In fall of 1999, Cho began high school at Centreville High School. Cho was assigned there for his remaining 3 years. About 1 month after classes began at Westfield, one of Cho?s teachers reported to the guidance office that Cho?s speech was barely audible and he did not respond in complete sentences. The teacher wrote that he was not verbally interactive at all and was shy and shut down. There was practically no communication with teachers or peers. Those failings aside, teachers also praised Cho for his qualities as a student. He achieved high grades, was always on time for class, and was diligent in submitting well-done homework assignments. Other than failing to speak, he did not exhibit any other unusual behaviour and did not cause problems. When the teacher asked Cho if he would like help with communicating, he nodded yes. The guidance counsellors asked Cho whether he had ever received mental health or special education assistance in middle school or in his freshman year (at the previous high school), and he reportedly indicated (untruthfully) that he had not.

Classmates recall some teasing and bullying over his taciturn nature. The few times he was required to speak for a class assignment, students mocked his poor English and deep-throated voice.

And so he chose invisibility. Neighbours would spot him shooting baskets by himself. When they said hello, he ignored them, as if he were not there. ?Like he had a broken heart,? said Abdul Shash, a next-door neighbor.

After the Virginia Tech murders, some newspapers reported that Cho was the subject of bullying. The panel could not confirm whether or not he was bullied or threatened. His family said that he never mentioned being the target of threats or intimidating messages, but then neither did he routinely discuss any details about school or the events of his day. His guidance counsellor had no records of bullying or harassment complaints.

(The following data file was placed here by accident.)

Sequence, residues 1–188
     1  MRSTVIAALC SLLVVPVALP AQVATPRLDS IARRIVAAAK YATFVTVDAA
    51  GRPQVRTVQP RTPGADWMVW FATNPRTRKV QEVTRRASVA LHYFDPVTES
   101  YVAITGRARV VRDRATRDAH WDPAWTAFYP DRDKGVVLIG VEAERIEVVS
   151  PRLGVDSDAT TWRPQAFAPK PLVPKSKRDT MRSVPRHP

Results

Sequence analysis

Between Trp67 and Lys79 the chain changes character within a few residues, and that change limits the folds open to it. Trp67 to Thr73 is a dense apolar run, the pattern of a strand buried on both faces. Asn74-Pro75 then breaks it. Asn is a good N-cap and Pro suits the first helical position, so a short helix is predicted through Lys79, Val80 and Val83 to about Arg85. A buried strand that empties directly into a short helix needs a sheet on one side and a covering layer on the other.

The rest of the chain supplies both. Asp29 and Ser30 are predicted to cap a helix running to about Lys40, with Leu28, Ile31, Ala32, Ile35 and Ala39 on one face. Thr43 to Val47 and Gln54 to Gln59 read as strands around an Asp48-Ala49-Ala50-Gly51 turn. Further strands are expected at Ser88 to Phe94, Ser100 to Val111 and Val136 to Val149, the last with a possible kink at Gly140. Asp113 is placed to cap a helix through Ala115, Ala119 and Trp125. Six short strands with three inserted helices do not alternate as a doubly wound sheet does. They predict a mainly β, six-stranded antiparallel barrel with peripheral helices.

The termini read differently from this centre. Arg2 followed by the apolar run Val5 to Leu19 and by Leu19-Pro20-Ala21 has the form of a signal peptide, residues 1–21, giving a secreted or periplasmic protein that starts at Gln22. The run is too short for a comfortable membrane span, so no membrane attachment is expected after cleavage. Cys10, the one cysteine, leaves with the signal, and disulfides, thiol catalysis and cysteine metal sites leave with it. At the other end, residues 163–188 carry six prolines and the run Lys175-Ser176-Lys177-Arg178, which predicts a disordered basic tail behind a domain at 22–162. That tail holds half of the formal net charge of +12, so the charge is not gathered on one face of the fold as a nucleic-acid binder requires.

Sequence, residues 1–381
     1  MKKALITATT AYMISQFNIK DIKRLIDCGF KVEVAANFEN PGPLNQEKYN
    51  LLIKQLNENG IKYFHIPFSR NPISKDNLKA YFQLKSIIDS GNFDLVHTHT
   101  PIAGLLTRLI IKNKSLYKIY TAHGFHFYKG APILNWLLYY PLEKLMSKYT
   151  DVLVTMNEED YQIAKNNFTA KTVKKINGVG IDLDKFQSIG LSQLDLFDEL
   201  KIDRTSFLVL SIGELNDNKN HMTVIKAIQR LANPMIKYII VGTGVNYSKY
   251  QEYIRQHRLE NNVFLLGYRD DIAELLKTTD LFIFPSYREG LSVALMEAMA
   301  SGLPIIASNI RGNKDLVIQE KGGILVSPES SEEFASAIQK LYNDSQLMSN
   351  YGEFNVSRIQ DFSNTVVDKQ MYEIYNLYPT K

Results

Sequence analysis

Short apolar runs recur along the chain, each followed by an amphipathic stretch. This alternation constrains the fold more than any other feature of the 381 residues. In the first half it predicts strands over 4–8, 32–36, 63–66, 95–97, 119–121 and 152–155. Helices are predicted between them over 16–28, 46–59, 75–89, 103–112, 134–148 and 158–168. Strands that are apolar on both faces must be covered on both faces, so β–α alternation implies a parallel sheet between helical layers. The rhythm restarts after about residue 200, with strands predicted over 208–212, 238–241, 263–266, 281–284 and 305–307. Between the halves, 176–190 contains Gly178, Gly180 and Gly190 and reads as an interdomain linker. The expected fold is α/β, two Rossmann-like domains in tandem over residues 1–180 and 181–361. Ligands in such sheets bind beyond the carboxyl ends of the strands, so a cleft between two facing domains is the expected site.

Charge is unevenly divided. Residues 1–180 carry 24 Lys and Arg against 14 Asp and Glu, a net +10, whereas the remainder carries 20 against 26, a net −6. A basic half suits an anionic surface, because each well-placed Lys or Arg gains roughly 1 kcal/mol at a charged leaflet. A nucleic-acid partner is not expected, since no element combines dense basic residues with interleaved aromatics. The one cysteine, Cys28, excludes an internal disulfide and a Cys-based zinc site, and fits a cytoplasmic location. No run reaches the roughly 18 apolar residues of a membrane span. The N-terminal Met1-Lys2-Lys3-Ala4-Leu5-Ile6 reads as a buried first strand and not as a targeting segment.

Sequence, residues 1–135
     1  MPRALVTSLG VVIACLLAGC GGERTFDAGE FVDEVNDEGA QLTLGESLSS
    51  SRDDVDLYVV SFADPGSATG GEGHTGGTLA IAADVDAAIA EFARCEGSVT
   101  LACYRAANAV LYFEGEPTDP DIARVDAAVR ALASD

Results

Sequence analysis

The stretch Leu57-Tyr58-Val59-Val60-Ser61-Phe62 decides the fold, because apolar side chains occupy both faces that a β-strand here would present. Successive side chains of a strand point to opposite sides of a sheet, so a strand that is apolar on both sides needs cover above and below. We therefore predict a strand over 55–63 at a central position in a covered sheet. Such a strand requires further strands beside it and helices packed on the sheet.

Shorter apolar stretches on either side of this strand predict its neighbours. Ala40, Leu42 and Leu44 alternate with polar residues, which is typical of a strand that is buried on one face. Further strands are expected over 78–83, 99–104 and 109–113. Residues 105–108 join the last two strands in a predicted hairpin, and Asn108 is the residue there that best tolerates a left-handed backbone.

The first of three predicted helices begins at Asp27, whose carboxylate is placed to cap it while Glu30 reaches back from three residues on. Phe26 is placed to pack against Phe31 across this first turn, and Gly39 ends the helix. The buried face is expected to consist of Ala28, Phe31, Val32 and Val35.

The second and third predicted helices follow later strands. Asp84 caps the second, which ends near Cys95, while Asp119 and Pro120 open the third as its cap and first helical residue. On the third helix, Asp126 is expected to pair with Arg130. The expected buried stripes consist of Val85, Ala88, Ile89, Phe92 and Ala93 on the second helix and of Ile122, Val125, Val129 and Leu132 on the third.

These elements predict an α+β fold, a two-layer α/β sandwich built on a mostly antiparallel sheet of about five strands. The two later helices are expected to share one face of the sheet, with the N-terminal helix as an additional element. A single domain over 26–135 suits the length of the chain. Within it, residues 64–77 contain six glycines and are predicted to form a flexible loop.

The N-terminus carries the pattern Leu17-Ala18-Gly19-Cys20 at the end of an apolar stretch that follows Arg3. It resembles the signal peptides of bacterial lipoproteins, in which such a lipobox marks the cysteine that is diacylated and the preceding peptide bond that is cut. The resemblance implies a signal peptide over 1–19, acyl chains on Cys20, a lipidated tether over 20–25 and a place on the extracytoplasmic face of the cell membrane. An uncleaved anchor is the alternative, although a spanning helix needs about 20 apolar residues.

It would be reasonable, however, to assume that Cho was a victim of some bullying, though to what extent and how much above the norm is not known. His sister said that both of them were subjected to a certain level of harassment when they first came to the United States and throughout their school years, but she indicated that it was neither particularly threatening nor ongoing.

Nearly all students experience some level of bullying in schools today. Much of this behaviour occurs behind the scenes or off school grounds?and often electronically.

Girls figured somewhere in his yearnings, but always from a distance.

In his junior year, Cho told his then-roommates that he had a girlfriend. Her name was Jelly. She was a supermodel who lived in outer space and traveled by spaceship, and she existed only in the dimension of his imagination.

When Andy Koch, one of his roommates, returned to their suite one day, Cho shooed him away. He told him Jelly was there. He said she called him Spanky. Spanky Jelly became his instant-message screen name.

He became fixated on several real female students. Two of them complained to the police that he was calling them, showing up at their rooms and bombarding them with instant messages. They found him bothersome but not threatening. After the second complaint against him in December 2005, the police came by and told him to stop.

A few hours after they left, he sent an instant message to one of his roommates suggesting he might as well kill himself. The campus police were called, and Cho was sent to an off-campus mental health facility.

After a counselor recommended involuntary commitment, a judge signed an order deeming him a danger and he was sent for evaluation to Carilion St. Albans Psychiatric Hospital in Radford, Va. A doctor there declared him mentally ill but not an imminent threat. Rather than commit him, the judge allowed him to undergo outpatient treatment. Officials say they do not know whether he did.

His junior-year roommates mostly ignored him because he was so withdrawn. If he said something, it was weird. During Thanksgiving break, Mr. Koch recalled, Cho called him to report that he was vacationing in North Carolina with Vladimir Putin, the Russian president; Cho said he had grown up with him in Moscow.